While acknowledging that a lot of positive work has been done since Project Awaken was formed, Ms Crompton said there is a lot more that needs to be done for vulnerable young women.

Hide Ad
Hide Ad

“I think they put new policies in but they’ve not developed them over time. As times have started to change they’ve not bothered updating them, they’ve just kept [the same policies].”

Blackpool Council say policies are under ‘constant review’

Blackpool Council confirmed that the Project Awaken is under ‘constant review’, while Lancashire Police said they are doing all they can to support victims, keep them safe from harm and bring those responsible to justice.

Cllr Lynn Williams, leader of Blackpool Council. Photo credit: Lucinda HerbertCllr Lynn Williams, leader of Blackpool Council. Photo credit: Lucinda Herbert
Cllr Lynn Williams, leader of Blackpool Council. Photo credit: Lucinda Herbert | Lucinda Herbert

Cllr Williams added: “We work constantly to review how we can proactively deal with such hideous acts of exploitation and remain determined to help and protect our young people.”

Hide Ad
Hide Ad

Women don’t report crimes through fear of being ‘victim blamed’

Meanwhile, young women who have experienced sexual harassment often say they do not report incidents to the police as they feel they won’t be taken seriously or fear they will be ‘victim blamed’ by authorities.

Reclaim Blackpool march for safer streetsReclaim Blackpool march for safer streets
Reclaim Blackpool march for safer streets | Lucinda Herbert

Antonia Charlesworth-Stack runs an online map where women can anonymously report incidents of sexual harassment. Stories of abuse against women, some as young as schoolchildren, are plotted on Blackpool’s Street Harassment Map.

Mrs Charlesworth-Stack said that for a variety of ‘complex reasons’, victims often don’t report incidents to the authorities.

Referring to a drink-spiking incident, she said: “I once reported an incident to the police on behalf of someone else and the kind of questions that I was asked were so accusatory — and it wasn’t even me that was spiked.”

Hide Ad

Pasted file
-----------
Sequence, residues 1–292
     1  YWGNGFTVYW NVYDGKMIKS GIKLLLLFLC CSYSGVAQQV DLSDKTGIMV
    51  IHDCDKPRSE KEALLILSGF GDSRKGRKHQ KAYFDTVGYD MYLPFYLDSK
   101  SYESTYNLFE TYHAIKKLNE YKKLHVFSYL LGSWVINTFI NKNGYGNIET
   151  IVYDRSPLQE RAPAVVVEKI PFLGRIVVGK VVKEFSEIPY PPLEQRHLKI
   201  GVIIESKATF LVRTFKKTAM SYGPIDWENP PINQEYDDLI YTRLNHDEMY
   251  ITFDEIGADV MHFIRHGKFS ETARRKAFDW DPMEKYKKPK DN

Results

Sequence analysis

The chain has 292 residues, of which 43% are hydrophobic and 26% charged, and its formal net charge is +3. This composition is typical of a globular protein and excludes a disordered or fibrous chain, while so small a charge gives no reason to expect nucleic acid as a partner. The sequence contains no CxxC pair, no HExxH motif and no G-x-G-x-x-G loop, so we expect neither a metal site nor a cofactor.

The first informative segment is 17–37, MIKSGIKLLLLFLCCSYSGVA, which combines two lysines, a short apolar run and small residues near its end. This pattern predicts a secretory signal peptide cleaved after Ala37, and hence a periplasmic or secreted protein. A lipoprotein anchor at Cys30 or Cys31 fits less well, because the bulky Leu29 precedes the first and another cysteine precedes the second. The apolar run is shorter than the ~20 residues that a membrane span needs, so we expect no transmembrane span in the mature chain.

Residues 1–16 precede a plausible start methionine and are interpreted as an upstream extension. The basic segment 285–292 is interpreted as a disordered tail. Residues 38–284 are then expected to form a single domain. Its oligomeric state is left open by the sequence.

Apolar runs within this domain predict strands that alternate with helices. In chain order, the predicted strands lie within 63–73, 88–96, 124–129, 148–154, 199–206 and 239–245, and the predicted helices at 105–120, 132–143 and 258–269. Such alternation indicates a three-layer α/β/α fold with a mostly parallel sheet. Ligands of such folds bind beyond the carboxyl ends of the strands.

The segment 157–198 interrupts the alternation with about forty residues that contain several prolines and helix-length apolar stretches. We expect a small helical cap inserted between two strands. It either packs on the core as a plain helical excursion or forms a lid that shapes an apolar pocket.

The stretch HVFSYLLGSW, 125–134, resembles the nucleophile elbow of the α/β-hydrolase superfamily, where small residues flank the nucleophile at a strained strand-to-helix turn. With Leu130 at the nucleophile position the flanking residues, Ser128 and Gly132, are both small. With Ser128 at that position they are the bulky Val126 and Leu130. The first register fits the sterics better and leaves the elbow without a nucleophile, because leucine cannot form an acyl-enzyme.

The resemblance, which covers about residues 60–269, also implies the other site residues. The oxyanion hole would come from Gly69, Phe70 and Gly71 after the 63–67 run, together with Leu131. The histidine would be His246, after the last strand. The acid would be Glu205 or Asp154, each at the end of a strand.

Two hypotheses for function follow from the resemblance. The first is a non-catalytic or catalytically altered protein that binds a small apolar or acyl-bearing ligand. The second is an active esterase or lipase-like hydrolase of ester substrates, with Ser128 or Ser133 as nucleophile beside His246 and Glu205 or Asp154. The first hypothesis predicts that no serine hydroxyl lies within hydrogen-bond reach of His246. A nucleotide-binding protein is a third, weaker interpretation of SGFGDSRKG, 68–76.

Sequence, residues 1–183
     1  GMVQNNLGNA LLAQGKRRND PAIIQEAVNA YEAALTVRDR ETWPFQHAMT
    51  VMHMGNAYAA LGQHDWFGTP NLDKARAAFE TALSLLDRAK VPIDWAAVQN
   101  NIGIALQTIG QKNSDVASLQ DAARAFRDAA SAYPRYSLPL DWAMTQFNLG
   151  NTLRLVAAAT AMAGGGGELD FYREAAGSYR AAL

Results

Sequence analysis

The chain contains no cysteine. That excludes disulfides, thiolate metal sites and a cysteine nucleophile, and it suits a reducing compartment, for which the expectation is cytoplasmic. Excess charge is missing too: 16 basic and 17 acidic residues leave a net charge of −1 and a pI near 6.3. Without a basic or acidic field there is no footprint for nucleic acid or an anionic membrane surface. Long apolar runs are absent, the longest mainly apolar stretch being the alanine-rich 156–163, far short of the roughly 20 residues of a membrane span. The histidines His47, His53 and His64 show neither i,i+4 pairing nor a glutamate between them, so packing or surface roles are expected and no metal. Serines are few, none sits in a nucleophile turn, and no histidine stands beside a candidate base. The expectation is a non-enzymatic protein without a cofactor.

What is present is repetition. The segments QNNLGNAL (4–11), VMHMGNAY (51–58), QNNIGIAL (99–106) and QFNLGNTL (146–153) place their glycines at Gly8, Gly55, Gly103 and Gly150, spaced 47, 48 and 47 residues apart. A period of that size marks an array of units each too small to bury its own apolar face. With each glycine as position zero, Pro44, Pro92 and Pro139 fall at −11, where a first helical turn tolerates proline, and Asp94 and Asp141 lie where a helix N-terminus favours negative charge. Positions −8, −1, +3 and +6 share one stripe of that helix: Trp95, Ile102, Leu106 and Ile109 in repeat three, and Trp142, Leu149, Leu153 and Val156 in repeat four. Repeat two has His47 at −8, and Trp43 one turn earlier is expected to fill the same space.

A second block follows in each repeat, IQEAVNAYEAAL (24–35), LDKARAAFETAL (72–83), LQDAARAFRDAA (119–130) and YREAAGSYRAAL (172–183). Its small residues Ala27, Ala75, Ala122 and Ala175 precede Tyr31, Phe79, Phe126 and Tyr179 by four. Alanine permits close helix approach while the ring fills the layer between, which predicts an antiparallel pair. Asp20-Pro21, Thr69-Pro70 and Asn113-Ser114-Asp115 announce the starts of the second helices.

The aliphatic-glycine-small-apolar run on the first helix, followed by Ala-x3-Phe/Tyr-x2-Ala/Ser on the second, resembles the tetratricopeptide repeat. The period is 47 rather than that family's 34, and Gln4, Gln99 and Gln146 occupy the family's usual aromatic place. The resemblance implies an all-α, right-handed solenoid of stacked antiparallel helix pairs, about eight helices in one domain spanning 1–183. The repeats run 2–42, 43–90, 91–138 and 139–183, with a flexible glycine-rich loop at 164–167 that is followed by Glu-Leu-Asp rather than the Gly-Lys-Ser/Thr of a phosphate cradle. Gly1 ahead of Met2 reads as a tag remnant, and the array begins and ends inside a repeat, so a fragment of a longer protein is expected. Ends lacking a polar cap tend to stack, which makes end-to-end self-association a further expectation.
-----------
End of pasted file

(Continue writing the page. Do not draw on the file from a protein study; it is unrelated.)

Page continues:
Hide Ad
It's a myth that groomers are nasty from the get-go, and a victim may not feel like they are being exploited. Photo credit: Lucinda Herbert. Model: Sasha Coral.It's a myth that groomers are nasty from the get-go, and a victim may not feel like they are being exploited. Photo credit: Lucinda Herbert. Model: Sasha Coral.
It's a myth that groomers are nasty from the get-go, and a victim may not feel like they are being exploited. Photo credit: Lucinda Herbert. Model: Sasha Coral. | Photo credit: Lucinda Herbert. Model: Sasha Coral.

‘I was made to feel at fault for reporting to the police’

An anonymous male describes how he witnessed another man exposing himself in front of a teenage girl. He ‘strongly’ felt that his complaint was not taken seriously by Lancashire Police.

“It was dismissed as drunken high jinks. Those were the words he used. I explained to the officer that I had been told the man exposes himself regularly to this girl, with full knowledge of the parents. I suggested she fit the criteria to be referred to [Project Awaken], but he seemed disinterested. I was made to feel like I was at fault, like I’m just over-sensitive, for reporting the incident.”

Lancashire Constabulary take sexual offences ‘extremely seriously’

Lancashire Constabulary said that they take all reports of sexual offences ‘extremely seriously’ and ‘work to get the victims justice, across all divisions of [the] force’.